Enhancing native forb establishment and persistance using a rich seed mixture
Half, Melissa Lindsey.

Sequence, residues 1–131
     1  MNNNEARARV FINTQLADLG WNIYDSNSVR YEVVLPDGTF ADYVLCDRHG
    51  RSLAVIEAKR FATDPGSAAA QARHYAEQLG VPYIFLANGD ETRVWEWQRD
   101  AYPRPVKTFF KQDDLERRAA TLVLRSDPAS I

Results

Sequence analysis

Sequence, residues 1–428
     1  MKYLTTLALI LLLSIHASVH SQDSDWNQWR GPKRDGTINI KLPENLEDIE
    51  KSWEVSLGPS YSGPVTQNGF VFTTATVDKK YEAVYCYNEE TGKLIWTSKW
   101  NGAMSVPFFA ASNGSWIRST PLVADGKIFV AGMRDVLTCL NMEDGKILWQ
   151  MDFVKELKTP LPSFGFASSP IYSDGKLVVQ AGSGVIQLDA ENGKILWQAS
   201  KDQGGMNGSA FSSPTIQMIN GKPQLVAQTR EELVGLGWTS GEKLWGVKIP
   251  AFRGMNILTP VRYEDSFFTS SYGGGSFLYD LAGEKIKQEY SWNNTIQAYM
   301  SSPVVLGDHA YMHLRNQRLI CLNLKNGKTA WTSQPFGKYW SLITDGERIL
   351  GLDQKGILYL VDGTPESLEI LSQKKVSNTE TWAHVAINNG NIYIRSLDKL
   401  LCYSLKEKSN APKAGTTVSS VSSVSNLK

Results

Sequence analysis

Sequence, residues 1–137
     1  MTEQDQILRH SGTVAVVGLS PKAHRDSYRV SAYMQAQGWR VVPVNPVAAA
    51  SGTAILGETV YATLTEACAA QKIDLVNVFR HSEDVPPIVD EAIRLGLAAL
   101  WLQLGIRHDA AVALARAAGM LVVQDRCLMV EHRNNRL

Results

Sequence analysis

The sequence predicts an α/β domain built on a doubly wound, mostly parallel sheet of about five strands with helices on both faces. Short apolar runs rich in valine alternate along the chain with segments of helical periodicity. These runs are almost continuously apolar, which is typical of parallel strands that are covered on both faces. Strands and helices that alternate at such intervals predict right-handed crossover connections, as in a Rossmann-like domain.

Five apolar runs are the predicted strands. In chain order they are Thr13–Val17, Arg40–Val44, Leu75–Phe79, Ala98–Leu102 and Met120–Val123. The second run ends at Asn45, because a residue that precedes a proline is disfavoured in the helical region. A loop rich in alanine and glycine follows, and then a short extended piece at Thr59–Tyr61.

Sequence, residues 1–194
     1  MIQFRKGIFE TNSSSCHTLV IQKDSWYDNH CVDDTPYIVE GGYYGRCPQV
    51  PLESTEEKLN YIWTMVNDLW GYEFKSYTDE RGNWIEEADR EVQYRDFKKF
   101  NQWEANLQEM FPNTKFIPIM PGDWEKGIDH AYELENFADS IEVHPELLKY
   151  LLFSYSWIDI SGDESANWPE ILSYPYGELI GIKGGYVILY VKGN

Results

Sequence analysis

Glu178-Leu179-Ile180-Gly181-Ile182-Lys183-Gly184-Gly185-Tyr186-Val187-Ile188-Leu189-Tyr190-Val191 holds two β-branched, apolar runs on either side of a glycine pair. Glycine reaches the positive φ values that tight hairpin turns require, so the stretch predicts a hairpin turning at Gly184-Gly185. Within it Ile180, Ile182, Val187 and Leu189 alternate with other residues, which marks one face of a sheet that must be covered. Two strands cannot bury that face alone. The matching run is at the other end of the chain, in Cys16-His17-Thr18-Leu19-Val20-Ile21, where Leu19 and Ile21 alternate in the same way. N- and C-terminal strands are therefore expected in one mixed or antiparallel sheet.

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Introducing and establishing desirable competitive forbs is crucial for successful invasive plant management and the re-establishment of a desirable plant community. The objectives of this study were: 1) To measure germination, dormancy, and viability of six native forbs, 2) To determine whether increasing forb seeding rate will yield an increase in forb establishment, 3) To examine the effects of a species mixture versus a single species on establishment and survival of desired species, and 4) To determine whether a mixture or a monoculture of forbs is more competitive with spotted knapweed. We hypothesized that high forb densities will occur at the highest seeding rate. We also hypothesized that seeding a species rich mixture of forbs will establish average densities of all the species seeded as monocultures, regardless of water frequency. Monocultures of purple coneflower, arrowleaf balsamroot, annual sunflower, dotted gayfeather, western white yarrow, sticky geranium and a mixture of all forbs were used to test emergence at two seeding densities, two watering frequencies and all were seeded with a background density of spotted knapweed. The highest seeding rate produced the highest plant densities, regardless of water frequency. The mixture yield about average of the individual plant densities and about doubled in response to the highest seeding rate, but was not influenced by watering frequency. Our final hypothesis stated that a mixture of forbs will be more competitive with spotted knapweed than a monoculture of purple coneflower. Spotted knapweed, purple coneflower, and a mixture of associated forbs were used as a model system to test our hypothesis. Multiple linear regressions predicting biomass was calculated using initial and final densities of both species. The forb mixture was 7 times more competitive with spotted knapweed than purple coneflower alone when using initial density. This study suggests using a mixture of forbs, rather than a single species, will enhance the likelihood of establishment in various and unpredictable environments because the group possesses a variety of traits that may match year to year and site to site environments, and once established the mixture may have a greater chance of persisting than a monoculture.